Sunday started off with the Portfolio Exhibition awards. Tomie dePaola had a short list of illustrators he liked: Sandre Griffin, Larry Day, Jim Carroll, Andrew Mitchell, and Sarah Stern
And the winner of the Tomie dePaola Award of $1000 art supply gift certificate was Heather Powers.
The winners of the juried exhibition were:
Honorable Mention - John Rocco and John Deininger
3rd place - Alan Witschonke
2nd place - P.A. Lewis
Winner of a full-page in picture book and a trip to NY to visit art directors - Jim Carroll
Susan Patron, winner of the 2007 Newbery Medal for The Higher Power of Lucky, gave us a hilarious list of how she went about winning the Newbery and what she's been doing this whole past year as the Newbery winner. One tip from her list, "Words for body parts may be used where needed if they are of service to the story." In case you haven't heard what was all over the media this past year, Susan used the word "scrotum" in numerous places in her book and many people wanted to ban the book because of it. Ridiculous. It was referring to a snake biting a dog's scrotum and the main character asks an adult what the word means. The adult gives a nice, scientific answer. I think that shows kids that it's ok to ask adults about words that you hear and don't know what they mean. Now that the 2008 Newbery winner has been picked, Susan's husband calls her an Oldbery.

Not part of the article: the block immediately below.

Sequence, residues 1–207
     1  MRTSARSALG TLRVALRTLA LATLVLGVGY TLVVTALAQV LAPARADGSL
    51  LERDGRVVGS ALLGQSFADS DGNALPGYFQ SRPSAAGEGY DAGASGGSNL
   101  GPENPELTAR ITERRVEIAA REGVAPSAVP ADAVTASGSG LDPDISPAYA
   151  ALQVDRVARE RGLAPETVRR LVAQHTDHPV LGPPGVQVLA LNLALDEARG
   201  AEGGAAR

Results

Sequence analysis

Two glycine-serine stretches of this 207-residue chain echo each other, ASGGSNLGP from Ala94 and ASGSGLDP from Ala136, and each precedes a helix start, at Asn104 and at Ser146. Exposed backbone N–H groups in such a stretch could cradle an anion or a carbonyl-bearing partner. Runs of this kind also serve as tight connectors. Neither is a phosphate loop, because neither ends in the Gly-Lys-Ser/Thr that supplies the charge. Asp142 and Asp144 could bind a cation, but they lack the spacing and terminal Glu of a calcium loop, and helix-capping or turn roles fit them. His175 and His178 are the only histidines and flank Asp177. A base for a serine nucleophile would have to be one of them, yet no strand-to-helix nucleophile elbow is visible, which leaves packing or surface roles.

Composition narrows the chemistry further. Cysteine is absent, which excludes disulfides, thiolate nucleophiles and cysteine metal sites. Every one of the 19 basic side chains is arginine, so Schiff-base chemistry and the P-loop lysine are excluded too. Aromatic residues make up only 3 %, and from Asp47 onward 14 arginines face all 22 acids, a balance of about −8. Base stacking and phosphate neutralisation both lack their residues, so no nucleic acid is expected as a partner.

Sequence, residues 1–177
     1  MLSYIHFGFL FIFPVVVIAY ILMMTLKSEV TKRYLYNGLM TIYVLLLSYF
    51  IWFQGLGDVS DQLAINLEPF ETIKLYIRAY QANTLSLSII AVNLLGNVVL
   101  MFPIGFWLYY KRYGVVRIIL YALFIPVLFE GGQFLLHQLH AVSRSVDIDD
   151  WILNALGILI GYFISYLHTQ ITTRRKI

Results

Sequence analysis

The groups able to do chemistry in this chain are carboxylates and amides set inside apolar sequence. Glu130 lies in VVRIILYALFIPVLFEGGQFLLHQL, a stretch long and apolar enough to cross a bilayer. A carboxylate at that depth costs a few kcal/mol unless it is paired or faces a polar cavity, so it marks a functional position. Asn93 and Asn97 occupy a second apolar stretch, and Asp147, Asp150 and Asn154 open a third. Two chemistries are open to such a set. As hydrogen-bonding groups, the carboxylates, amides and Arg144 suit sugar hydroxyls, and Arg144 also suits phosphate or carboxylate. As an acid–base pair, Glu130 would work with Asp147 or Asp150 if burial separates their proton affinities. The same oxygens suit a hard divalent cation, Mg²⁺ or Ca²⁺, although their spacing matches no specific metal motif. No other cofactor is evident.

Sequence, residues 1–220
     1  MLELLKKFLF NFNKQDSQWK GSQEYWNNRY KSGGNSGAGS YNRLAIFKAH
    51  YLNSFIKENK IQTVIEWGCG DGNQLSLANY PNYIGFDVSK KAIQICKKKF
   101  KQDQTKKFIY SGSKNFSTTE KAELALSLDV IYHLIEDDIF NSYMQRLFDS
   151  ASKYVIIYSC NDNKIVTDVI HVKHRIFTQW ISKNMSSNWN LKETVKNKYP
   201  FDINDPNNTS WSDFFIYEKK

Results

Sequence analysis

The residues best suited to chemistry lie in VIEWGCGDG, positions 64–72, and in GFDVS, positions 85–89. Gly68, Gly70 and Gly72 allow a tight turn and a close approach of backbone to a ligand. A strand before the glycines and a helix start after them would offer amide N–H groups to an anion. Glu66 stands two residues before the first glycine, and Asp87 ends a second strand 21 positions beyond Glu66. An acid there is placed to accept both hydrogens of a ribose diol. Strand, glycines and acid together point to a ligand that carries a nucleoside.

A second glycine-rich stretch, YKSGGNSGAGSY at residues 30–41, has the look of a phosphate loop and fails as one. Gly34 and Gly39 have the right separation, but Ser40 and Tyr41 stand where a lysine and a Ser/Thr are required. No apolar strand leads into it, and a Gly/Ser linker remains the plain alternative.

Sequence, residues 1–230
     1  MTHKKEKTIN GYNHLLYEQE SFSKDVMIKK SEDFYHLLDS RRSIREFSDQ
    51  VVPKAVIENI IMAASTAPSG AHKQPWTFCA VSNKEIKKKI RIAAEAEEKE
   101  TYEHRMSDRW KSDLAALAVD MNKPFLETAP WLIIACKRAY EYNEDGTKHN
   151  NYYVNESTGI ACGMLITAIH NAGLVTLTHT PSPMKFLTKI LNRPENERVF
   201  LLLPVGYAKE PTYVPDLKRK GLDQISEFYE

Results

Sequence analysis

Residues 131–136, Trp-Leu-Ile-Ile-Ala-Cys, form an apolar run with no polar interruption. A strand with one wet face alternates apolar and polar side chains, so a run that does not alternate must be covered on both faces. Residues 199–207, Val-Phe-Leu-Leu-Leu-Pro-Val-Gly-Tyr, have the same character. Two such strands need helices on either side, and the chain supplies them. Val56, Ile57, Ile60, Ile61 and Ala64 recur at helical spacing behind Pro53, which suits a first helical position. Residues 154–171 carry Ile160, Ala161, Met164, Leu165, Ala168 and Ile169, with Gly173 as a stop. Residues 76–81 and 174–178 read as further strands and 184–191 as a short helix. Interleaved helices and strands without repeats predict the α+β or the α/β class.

Next was a panel on the path of the picture book. It included Arthur Levine (the publisher/editor), Jonah Winter (the author), John Mason (sales at Scholastic), Tracey Van Straaten (publicity at Scholastic), and Bob Brown (bookseller). But sadly, no illustrator was on the panel. Jonah talked about how he got his idea for the picture book, Dizzy and how Arthur signed it up. The editor helps to focus a book. Sum up the manuscript in one sentence and parts that distract from the main point needs to be cut for picture books. Eliminate extraneous material. After the art layouts were created by Sean Qualls, Arthur showed them to Jonah. Jonah thought the art looked too somber for such an exuberant story, so some changes were suggested to the illustrator and it made the book much stronger. John Mason talked about how wonderful Jonah's reading of the text was, so marketing decided to make a recording of Jonah reading the book and sent that out to reviewers and librarians. Tracy used the starred reviews to market the book further through magazines, newspapers, and the media. Black History Month provided more marketing opportunities. Bob talked about why he bought this picture book for his store and how excited he was about it.
The last speaker was Richard Peck, a novelist. "Our readers are looking for themselves in our books." "Fiction is not real life with the names changed." "If you can't find yourself in the pages of a book early in life, you'll go looking in all the wrong places."
After the conference was over, we all said our good-byes. Here's a pic of my roommate Susan and me:
I stayed for four more days after the conference to sight-see in New York with my husband and to drop off portfolios at various publishers. It was a fun week!